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Chapter 1

Dynamical Model for
Wideband DOA Estimation
October 28, 2014

1.1

Source motion model

˙
Consider a sensor array having N sensors. Let θ(t) and θ(t)
be the angle and angular rate of a wideband source. The state
vector x(t) as  

θ(t)
x(t) =
(1.1)
˙
θ(t)
The model of the source is given as follows

x(t + 1) = Ax(t) + w(t) 

here A = 
2 

σw 1 0
0 σw2 2

1 T
0 1

(1.2) 

and w(t) ∼ N (02×1 , Σw ) where Σw =

1

1.2

Measurement Equations

Figure 1.1: Signal arriving at the sensor which is located at [pxn

p yn ]

From the Figure 1.1 , the output of the nth sensor of the
array can be written as
zn (t) = s0 (t − τn (θ(t))) + n (t)

(1.3)

where , c is the speed of wave propagation,
(pxn − px0 ) cos θ(t) + (pyn − py0 ) sin θ(t)
τn (θ(t)) =
(1.4)
c
is the delay corresponding to source and the nth sensor located
at pn = [pxn pyn ] , s0 (t) is called the reference signal which is
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the signal arriving at the reference point p0 = [px0 py0 ] of the
array and n (t) ∼ N (0, σ2n ) is the measurement noise.
The reference point p0 , is chosen to coincide with the location
of the origin of the co-ordinate systems, so that p0 = [0 0],
From 1.4, the delay can be written as
pxn cos θ(t) + pyn sin θ(t)
c   

x(t)
1
=
pxn − px0 pyn − py0
y(t)
c 

1
pxn pyn x(t)
=
c

τn (θ(t)) =

1.2.1

(1.5)

Taylor expansion

Now consider the function in 1.3 ie s0 (t − τn (θ(t)) (for array
processing, τn (θ(t)) is relatively small value less than unity), it
can be expanded using the Taylor series as
s0 (t − τn (θ(t))) = s0 (t) + τn (θ(t))s˙ 0 (t) + ∆n (t)

(1.6)

where ∆n (t) is the higher order terms of Taylor expansion.
Using 1.6 in 1.3 gives
zn (t) = s0 (t) + τn (θ(t))s˙ 0 (t) + ∆n (t) + n (t)
= s0 (t) + τn (θ(t))s˙ 0 (t) + ˜n (t)

(1.7)
(1.8)

where ˜n (t) = ∆n (t) + n (t).
Thus the output of the each sensor can be written as
z1 (t) = s0 (t) + τ1 (θ(t))s˙ 0 (t) + ˜1 (t)
z2 (t) = s0 (t) + τ2 (θ(t))s˙ 0 (t) + ˜2 (t)
..
.
zN (t) = s0 (t) + τN (θ(t))s˙ 0 (t) + ˜N (t)
3

(1.9)

1.2.2

Estimating s0 (t) and s˙ 0 (t) using Maximum Likelihood (ML) method

Assumption: Measurements in the sensors at a given time
are independent i.e. at t = ti , the measurements z1 , z2 . . . zN
are independent and the noise is Gaussian
Using 1.9, the measurement equations can be written as
z1 = s0 + τ1 (θ)s˙ 0 + ˜1
z2 = s0 + τ2 (θ)s˙ 0 + ˜2
..
.
zN = s0 + τN (θ)s˙ 0 + ˜N

(1.10)

Assume z1 , z2 . . . zN be random variables, whose probability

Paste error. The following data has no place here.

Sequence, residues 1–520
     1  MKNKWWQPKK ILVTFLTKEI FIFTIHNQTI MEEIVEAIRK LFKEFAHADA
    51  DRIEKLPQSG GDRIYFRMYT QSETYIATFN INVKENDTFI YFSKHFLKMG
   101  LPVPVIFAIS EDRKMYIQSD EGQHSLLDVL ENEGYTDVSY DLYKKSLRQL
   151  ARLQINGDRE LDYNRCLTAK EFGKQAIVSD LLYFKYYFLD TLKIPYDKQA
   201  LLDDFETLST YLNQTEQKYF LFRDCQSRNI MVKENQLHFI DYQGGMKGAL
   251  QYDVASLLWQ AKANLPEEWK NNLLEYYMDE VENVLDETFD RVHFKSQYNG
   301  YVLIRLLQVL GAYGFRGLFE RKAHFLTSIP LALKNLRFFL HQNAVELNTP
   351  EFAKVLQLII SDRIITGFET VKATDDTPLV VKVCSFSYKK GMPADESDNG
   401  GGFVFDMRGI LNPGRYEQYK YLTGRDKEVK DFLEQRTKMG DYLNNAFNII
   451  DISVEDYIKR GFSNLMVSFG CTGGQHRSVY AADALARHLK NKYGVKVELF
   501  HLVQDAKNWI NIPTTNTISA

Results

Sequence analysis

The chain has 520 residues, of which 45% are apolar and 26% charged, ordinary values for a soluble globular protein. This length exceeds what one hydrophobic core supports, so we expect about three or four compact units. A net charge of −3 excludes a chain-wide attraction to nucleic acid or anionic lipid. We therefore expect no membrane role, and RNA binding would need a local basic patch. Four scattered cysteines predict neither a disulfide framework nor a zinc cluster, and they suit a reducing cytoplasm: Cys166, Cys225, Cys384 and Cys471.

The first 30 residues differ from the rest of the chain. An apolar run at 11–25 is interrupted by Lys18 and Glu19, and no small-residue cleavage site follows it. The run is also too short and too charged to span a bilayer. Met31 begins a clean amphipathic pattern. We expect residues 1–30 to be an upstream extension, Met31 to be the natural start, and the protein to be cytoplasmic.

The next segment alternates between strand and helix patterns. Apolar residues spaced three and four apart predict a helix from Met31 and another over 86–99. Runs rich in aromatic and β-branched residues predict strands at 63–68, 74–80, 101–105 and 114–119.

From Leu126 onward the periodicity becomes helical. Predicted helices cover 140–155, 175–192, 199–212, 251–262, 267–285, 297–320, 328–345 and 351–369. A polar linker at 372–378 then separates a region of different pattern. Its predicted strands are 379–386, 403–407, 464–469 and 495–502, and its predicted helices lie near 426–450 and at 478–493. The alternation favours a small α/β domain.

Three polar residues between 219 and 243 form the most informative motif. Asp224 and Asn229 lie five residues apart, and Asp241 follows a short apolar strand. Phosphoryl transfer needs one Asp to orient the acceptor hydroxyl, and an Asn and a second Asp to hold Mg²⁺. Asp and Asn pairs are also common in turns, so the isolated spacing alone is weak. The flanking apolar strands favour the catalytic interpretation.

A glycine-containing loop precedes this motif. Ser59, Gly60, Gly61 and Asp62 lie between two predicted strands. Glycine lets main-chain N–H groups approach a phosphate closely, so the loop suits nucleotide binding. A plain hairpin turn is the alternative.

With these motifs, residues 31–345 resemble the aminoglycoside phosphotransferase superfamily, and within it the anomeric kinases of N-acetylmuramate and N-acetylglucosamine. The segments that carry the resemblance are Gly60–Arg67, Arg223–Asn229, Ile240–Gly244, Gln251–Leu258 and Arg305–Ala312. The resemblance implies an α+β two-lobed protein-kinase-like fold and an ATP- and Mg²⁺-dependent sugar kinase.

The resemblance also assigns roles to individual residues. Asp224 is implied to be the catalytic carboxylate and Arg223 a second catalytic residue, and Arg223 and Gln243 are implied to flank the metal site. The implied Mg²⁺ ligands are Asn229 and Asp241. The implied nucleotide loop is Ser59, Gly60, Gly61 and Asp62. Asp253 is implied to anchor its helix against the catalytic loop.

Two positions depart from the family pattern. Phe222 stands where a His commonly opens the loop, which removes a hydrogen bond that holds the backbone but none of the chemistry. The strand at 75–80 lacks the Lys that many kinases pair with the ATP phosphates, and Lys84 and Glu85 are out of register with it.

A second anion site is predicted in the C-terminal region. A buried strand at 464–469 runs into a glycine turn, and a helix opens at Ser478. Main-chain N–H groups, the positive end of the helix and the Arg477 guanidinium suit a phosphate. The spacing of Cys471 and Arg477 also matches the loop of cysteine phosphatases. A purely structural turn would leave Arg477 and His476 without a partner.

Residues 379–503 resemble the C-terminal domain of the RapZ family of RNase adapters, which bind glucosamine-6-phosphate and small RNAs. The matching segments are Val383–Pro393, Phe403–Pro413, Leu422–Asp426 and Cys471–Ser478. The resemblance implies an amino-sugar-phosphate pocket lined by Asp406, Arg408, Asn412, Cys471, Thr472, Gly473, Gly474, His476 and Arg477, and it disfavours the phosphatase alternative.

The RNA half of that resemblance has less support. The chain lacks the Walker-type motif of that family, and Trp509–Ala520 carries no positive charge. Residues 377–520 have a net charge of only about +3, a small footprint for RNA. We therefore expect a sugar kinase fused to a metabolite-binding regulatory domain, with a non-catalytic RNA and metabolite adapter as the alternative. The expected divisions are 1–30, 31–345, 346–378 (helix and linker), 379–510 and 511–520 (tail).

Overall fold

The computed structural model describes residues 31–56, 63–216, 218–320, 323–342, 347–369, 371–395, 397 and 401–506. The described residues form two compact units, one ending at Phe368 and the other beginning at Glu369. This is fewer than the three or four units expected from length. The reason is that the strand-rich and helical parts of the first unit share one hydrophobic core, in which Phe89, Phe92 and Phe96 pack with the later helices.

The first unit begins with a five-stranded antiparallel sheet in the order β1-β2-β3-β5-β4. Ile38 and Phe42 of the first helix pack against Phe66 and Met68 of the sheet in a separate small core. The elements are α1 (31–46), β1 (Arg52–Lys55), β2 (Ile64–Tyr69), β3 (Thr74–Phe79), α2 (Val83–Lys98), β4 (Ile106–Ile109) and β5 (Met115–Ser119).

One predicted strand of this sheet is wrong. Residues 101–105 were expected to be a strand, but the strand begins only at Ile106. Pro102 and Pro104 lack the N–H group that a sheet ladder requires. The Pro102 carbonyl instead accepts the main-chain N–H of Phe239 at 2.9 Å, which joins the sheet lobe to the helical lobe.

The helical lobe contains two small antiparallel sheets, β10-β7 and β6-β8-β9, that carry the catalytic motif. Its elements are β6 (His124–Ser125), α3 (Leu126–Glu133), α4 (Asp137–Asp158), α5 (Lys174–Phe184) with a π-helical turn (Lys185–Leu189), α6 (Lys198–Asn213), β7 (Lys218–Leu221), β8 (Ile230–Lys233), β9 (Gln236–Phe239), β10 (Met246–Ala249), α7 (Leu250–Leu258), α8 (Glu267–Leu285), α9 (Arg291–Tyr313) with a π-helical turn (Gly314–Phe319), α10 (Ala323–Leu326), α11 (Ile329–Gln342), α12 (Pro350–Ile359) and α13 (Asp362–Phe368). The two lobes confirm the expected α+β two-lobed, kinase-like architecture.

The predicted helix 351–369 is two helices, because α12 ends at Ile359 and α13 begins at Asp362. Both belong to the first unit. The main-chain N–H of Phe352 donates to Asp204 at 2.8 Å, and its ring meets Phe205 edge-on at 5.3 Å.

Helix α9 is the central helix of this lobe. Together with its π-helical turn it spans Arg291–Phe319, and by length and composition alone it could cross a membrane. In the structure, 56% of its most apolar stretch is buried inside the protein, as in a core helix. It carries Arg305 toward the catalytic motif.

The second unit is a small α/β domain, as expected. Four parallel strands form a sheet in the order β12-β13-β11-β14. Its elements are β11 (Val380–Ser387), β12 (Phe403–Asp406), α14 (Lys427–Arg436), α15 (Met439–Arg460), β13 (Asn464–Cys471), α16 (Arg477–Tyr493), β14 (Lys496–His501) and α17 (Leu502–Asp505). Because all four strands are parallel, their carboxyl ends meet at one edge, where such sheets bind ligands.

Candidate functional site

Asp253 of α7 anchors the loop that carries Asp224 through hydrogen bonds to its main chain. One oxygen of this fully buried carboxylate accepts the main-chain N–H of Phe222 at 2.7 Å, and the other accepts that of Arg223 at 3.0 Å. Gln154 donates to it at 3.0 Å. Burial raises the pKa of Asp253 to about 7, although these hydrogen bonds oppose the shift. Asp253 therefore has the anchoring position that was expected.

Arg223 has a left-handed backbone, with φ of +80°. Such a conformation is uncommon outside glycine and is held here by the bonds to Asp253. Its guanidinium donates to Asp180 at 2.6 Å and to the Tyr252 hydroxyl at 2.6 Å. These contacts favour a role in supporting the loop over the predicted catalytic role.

density
(pdf) , parametrized by the unknown quantities
 function

s0
s =  s˙ 0  is given by
θ
p(z1 ; s) ∼ N (µz1 , σ˜21 )
p(z2 ; s) ∼ N (µz2 , σ˜22 )
..
.
p(zN ; s) ∼ N (µzN , σ˜2N )

(1.11)

where µzn = s0 + τn (θ)s˙ 0 and cov(˜n ) = σ˜2n .
Since the random variables are assumed to be independent,
the joint pdf is given as

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p(z; s) = p(z1 ; s) × p(z2 ; s) . . . p(zN ; s)
1
1
T −1
= N/2 N/2 e− 2 (z−µ) Σ (z−µ)
2π |Σ|
∼ N (µ, Σ)

(1.12)
(1.13)





z1
µz1
σ˜21 0 . . . 0
 z 
 µ 
 0 σ2 . . . 0
 2 
 z2 
 
˜2
where z =  .. , µ =  ..  and Σ = 
..
 . 
 . 

.
zN
µzN
0 0 . . . σ˜2N
The negative log-likelihood (ignoring constants) is given by

1
L = (z − µ)T Σ−1 (z − µ)
2
N
1 X (zn − µzn )2
=
2 n=1
σn2





(1.14)
(1.15)

Estimation of s0 (t)

Assumption: σ˜21 = σ˜22 = · · · = σ˜2N = σ 2
Taking the derivative w.r.t. s0 (t) and equating to zero gives
N
X
∂L
∂µzn
= 0 = ( (zn − µzn ))
∂s0
∂s0
n=1

(1.16)

∂(s0 + τn (θ)s˙ 0 )
∂µzn
=
=1
∂s0
∂s0

(1.17)

Here

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this gives
N

X
∂L
=0=
(zn − s0 − τn (θ)s˙ 0 )
∂s0
n=1
=

N
X

zn − N s0 − s˙ 0

n=1

N
X

τn (θ)

(1.18)

n=1

The above equation yields

sˆ0 = z¯ − s˙ 0 τ¯(θ)

where z¯ =

PN

n=1 zn

N

and τ¯(θ) =

(1.19)

PN

n=1 τn (θ)

N

Estimation of s˙ 0 (t)

Assumption: σ˜21 = σ˜22 = · · · = σ˜2N = σ 2
Taking the derivative w.r.t. s˙ 0 (t) and equating to zero gives
N
X
∂µzn
∂L
= 0 = ( (zn − µzn ))
∂ s˙ 0
∂ s˙ 0
n=1

(1.20)

∂µzn
∂(s0 + τn (θ)s˙ 0 )
=
= τn (θ)
∂ s˙ 0
∂ s˙ 0

(1.21)

Here

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this gives
N

X
∂L
=0=
(zn − s0 − τn (θ)s˙ 0 )τn (θ)
∂ s˙ 0
n=1
=
=

N
X
n=1
N
X

zn τn (θ) − s0

N
X

τn (θ) − s˙ 0

n=1

N
X

τn2 (θ)

(1.22)

n=1

zn τn (θ) − s0 N τ¯(θ) − s˙ 0 N τ¯2 (θ)

(1.23)

n=1

this gives

sˆ˙0 =

where τ¯2 (θ) =

PN

n=1 zn τn (θ)
N τ¯2 (θ)

s0 τ¯(θ)
− ¯2
τ (θ)

(1.24)

PN

2
n=1 τn (θ)

N

Estimation of θ

Assumption: σ˜21 = σ˜22 = · · · = σ˜2N = σ 2
Taking the derivative w.r.t. θ and equating to zero gives
N
X
∂L
∂µzn ∂τn (θ)
= 0 = ( (zn − µzn ))
∂θ
∂τn (θ) ∂θ
n=1

∂(s0 + τn (θ)s˙ 0 )
∂µzn
=
= s˙ 0
∂τn (θ)
∂τn (θ)
∂µzn
px − sin θ + pyn cos θ
= τ˙n (θ) = n
∂τn (θ)
c
7

(1.25)

(1.26)
(1.27)

1.2.3

Measurement Model

Using 1.5 the differential measurement signals can be written as
1
c
1
z2 (t) = s0 (t) +
c
..
.
1
zN (t) = s0 (t) +
c
z1 (t) = s0 (t) +

px 1

py1 

x(t)s˙ 0 (t) + ˜1 (t)

px 2

py2 

x(t)s˙ 0 (t) + ˜2 (t)

px N

pyN 

x(t)s˙ 0 (t) + ˜N (t)

(1.28)

The above set of equation can be expressed in matrix form as

∆z(t) =s˙ 0 (t)Px(t) + ˜(t)



where ∆z(t) = 

and

z1 (t) − s0 (t)
z2 (t) − s0 (t)
..
.
zN (t) − s0 (t)

(1.29)

px1 py1
 p

 x2 py2

 , P = 1c 
..


.
pxN pyN





 

˜1 (t)
 ˜ (t) 
 2
 
˜ =  .. 
 .  
˜N (t)
Now the source and measurement equation can be summarized as

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x(t + 1) =Ax(t) + w(t)
∆z(t) =s˙ 0 (t)Px(t) + ˜(t)

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(1.30a)
(1.30b)